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    Hi, thank you for the advice. I hadn't really given too much thought to inside or out. Rightly or wrongly I just assumed my cat would come and go as it pleases and I'd call for it at dinner time if it wasn't indoors. I guess then I have to get a cat that is happy both indoors and out, something else to think about, cheers.
     
  13. zgmc Registered Senior Member

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    What I meant by outdoor cat, is one that goes in and out as it pleases. Growing up that is how our cats always were. When the weather was nice they would stay out most of the time, and come in for dinner. Cats are happiest if they are allowed to go outside. I currently have two cats, one 16 years old, who used to go outside, and the other is 1 year old, and has never been outside. We had to make a change because of two things, our daughters allergies and proximity to a very busy 45mph street. The 16 year old definitely misses the outdoors. The new cat does not miss what it has never known.
     
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  14. pjdude1219 The biscuit has risen Valued Senior Member

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    polydactyl?
     
  15. youreyes amorphous ocean Valued Senior Member

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    what do you mean by that?
     
  16. Bells Staff Member

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    If you want one that will allow you to pet them, cuddle them and hold them, then ragdoll cats.

    Or you could go the live on the wild side route like spidergoat and get a tiger.

    It means to adopt one from a shelter after it has been abandoned.
     
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  17. Ophiolite Valued Senior Member

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    Avoid lions and tigers, unless you have room for really big cat litter trays.
     
  18. Bells Staff Member

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    That is what the kid's sandpit is for.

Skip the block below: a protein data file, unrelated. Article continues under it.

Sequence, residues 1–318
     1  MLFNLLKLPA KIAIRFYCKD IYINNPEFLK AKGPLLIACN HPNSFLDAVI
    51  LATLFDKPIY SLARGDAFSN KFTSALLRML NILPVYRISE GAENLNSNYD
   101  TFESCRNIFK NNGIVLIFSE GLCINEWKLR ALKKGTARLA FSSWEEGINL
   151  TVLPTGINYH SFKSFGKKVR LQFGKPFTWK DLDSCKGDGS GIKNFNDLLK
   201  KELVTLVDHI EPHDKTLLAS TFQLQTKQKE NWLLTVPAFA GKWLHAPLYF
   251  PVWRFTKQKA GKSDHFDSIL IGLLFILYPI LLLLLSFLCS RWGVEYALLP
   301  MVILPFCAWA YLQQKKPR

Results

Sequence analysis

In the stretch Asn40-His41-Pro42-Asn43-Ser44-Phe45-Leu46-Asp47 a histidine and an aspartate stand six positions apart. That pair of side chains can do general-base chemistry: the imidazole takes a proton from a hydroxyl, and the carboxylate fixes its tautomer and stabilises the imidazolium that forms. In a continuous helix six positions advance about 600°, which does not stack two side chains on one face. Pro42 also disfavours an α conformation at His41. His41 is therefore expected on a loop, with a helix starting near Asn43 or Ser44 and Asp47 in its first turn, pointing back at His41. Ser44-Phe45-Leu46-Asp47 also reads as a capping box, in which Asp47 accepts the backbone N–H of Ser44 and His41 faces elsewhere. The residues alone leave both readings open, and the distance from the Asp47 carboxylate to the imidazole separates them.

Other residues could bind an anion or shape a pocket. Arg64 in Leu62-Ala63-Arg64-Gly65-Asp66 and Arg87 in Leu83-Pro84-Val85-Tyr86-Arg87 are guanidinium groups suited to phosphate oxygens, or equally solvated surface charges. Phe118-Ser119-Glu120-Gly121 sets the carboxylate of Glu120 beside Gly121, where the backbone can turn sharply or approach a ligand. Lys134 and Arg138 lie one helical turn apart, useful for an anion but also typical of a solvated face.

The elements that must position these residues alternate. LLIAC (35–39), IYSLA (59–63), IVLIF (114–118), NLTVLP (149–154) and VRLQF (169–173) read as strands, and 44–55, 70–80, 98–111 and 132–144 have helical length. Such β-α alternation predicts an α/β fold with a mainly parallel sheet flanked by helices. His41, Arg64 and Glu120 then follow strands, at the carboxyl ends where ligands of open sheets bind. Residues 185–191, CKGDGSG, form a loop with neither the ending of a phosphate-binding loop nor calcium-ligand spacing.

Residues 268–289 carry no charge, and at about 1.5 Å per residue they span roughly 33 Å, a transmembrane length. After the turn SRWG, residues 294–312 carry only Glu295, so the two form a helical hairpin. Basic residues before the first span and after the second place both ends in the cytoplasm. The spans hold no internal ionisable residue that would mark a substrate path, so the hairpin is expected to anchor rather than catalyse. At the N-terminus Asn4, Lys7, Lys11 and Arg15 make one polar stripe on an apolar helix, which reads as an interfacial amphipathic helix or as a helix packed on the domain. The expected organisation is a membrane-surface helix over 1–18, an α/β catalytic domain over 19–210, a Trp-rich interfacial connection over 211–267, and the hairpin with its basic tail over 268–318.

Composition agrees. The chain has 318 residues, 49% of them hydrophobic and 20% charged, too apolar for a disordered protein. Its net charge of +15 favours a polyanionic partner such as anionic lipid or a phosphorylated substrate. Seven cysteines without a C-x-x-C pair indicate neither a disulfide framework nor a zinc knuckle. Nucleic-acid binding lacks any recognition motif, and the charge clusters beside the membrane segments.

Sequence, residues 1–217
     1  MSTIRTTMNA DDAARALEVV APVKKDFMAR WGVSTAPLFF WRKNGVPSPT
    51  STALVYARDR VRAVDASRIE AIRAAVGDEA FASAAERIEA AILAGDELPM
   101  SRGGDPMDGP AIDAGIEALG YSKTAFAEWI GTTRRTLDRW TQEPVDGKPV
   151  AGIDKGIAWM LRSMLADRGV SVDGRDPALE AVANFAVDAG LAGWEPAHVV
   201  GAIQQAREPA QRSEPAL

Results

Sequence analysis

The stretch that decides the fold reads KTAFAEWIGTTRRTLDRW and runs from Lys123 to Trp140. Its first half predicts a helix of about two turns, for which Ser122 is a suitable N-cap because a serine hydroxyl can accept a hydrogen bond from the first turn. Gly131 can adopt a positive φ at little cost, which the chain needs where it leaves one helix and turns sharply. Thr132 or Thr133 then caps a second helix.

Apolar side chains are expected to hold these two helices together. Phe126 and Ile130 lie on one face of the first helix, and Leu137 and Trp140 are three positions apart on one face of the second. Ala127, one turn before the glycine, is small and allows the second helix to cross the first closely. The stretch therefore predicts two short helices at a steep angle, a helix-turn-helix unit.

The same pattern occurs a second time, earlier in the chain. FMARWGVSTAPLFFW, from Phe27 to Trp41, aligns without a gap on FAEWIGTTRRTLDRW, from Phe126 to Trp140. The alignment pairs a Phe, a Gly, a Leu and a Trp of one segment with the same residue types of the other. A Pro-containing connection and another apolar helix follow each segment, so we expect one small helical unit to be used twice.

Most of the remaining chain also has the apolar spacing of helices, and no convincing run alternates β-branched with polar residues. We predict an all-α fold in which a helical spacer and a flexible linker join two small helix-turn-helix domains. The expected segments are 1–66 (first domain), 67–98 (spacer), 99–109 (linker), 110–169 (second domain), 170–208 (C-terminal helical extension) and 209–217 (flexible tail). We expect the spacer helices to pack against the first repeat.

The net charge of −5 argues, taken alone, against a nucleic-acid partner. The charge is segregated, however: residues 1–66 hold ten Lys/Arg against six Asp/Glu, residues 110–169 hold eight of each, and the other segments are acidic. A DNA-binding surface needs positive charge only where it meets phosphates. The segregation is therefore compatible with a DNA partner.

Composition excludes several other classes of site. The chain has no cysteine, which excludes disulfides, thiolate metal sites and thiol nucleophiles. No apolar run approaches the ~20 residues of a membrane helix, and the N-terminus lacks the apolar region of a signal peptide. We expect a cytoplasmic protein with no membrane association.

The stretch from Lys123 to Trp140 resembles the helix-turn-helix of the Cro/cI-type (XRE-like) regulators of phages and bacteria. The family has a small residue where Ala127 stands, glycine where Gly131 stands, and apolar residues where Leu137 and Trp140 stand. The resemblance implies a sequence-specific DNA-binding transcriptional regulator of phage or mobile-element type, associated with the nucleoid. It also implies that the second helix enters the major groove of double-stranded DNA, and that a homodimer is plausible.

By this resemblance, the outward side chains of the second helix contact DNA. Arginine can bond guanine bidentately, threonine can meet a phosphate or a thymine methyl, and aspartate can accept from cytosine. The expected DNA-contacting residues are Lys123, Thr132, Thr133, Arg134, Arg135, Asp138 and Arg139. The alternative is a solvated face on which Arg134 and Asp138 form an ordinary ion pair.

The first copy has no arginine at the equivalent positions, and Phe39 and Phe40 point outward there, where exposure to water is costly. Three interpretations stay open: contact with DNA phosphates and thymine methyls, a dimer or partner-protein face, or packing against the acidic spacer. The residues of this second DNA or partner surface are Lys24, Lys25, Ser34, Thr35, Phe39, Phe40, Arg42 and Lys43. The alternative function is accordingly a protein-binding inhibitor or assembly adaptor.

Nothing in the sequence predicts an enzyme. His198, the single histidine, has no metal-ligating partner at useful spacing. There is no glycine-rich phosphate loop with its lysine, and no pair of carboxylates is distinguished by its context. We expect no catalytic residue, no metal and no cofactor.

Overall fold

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  19. spidergoat Liddle' Dick Tater Valued Senior Member

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    I do think there's something appealing about those Savannah cats, a mix of domestic breeds and African servals. But man are they big. And expensive.
     
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  20. Gorlitz Iron Man Registered Senior Member

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    Yes ragdolls crop up quite often on the various cat websites I've so far come across. They appear to be really popular and all seem to describe this type of cat as loving and affectionate, on top of this the pictures of ragdolls do make them look like a very cute cat, certainly one that I've looked at. My I only slight possible reservation though here is that some are suggesting that this isn't a particularly energetic cat and I was maybe hoping for one that enjoys running around in countryside or could even can be walked on lead perhaps.

    Lol tiger, don't think I'd have the bravery for tiger.
     
  21. Gorlitz Iron Man Registered Senior Member

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    I was reading on one site about a liger named hercules, now this cat would require half of Scotland for a litter tray, it topped the scales at 922 lb!!!

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  22. Gorlitz Iron Man Registered Senior Member

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    This cat keeps cropping up being billed as the largest domesticated cat breed. They look huge to me for a normal cat, kind of like a skinny cheetah with a smaller head. If I had a cat this size I'd be slightly worried that someone might think it was dangerous and want to hurt it.

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  23. zgmc Registered Senior Member

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    That cat could be dangerous if you aren't familiar with them. I wouldn't be worried about being attacked, but you need to know how to read their moods. If you invade their space at the wrong time, or in a way that is upsetting, you might get the claws.